Mamma Mia! Here We Go Again

Hollywood’s biggest musical marvel is back with a new wave of sporadically cringeworthy sing-a-long hits.

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After the loss of her mother, Sophie decides to pursue her mother’s dream and renovate her hotel into a magical haven, but not all goes to plan when some unexpected guests make an appearance at the grand opening.

Though it seemed quite possible that all the ABBA hits had already been exhausted in the first film, this new installment shows just how wrong an assumption that was, as the old songs are recycled to showcase new stories.

Despite Meryl Streep not taking the lead role in this latest film, the cast members, new and old, seem to make for an equally enjoyable presence onscreen, as their talent radiates throughout, with the likes of Cher and Andy Garcia being added to the already star-studded cast.

Whilst this film holds all the same promise as the first, it does somewhat disappoint in terms of the plot dynamic, which tends to create confusion in place of satisfaction. Donna’s (Meryl Streep’s’) death, for instance, is carelessly overlooked as no explanation as to how and or why is provided.

The Greatest Showman

A show that shoots for the stars, but hits the moon.

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P.T Barnum has an extraordinary need for greatness, but a not so extraordinary bank balance to match. What starts as a naive passion project soon escalates into one of the greatest shows in the world, as Barnum rallies the most unlikely of troops to put on a truly unique show.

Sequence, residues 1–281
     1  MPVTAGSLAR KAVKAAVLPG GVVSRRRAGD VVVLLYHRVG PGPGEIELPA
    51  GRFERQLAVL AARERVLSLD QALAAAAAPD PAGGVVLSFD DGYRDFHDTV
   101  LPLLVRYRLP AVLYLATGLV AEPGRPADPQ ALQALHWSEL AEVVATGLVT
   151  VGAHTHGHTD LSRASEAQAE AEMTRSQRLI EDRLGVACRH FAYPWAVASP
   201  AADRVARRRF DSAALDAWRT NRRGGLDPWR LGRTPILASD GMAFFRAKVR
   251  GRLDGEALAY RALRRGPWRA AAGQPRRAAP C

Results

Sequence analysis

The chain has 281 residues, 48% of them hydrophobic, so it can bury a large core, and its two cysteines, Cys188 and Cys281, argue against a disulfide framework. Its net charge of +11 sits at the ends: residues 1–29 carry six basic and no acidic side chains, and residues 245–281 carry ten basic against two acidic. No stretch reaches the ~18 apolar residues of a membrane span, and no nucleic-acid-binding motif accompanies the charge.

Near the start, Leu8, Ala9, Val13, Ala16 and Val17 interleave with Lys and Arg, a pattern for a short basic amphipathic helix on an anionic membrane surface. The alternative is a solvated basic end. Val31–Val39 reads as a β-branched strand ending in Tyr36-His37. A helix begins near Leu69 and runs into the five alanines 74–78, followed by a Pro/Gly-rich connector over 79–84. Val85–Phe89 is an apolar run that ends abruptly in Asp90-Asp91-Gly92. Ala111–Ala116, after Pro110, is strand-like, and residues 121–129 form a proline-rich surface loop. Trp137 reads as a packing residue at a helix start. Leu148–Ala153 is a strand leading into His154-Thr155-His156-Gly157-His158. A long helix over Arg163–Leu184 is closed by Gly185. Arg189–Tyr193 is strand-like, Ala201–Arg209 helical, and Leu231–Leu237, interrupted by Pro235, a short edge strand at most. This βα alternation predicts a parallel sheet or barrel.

With Hugh Jackman sitting front and center at the helm of this film as B.T. Barnum, and an equally impressive cast of supporting actors, from Zac Efron to Michelle Williams, this film certainly provides the talent to back this infamously impactful story of inequality and ambition.

Director Michael Gracey provides a backdrop that relishes the acting talent, as all components of this heartfelt and authentic film culminate to create a visionary dream that envisages a world without judgment, with music at its very core.


La La Land

With an opening scene that literally sings the films praises, it’s hard to not love this type of controlled cinematic wizardry.

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Some say romance is dead. This film begs to differ. Ryan Gosling (Sebastian) and Emma Stone (Mia) both delight in what is an exceptionally produced triple threat assembly, with ample amounts of passion, hope and love.

Getting noticed in Hollywood is just about as easy as trying to find a needle in a haystack, and quite frankly often a game of chance. This is a realisation that our main characters Sebastian and Mia must face as they pass from job to job with little hope of a break anytime soon.

Not only is this film crammed with horrendously catchy musical intersections that will have you tapping your way home, the choreography that accompanies these numbers is also mesmerizingly spell binding in its execution.

At times this film really does feel as though you have been catapulted into the struggles of 21st century Hollywood, with colours that captivate you and camera angles that almost will you into the scene.

La La Land encompasses everything that Hollywood has lost, and for that it will create an eruption of nostalgia that will leave it sailing into the cinematic history books.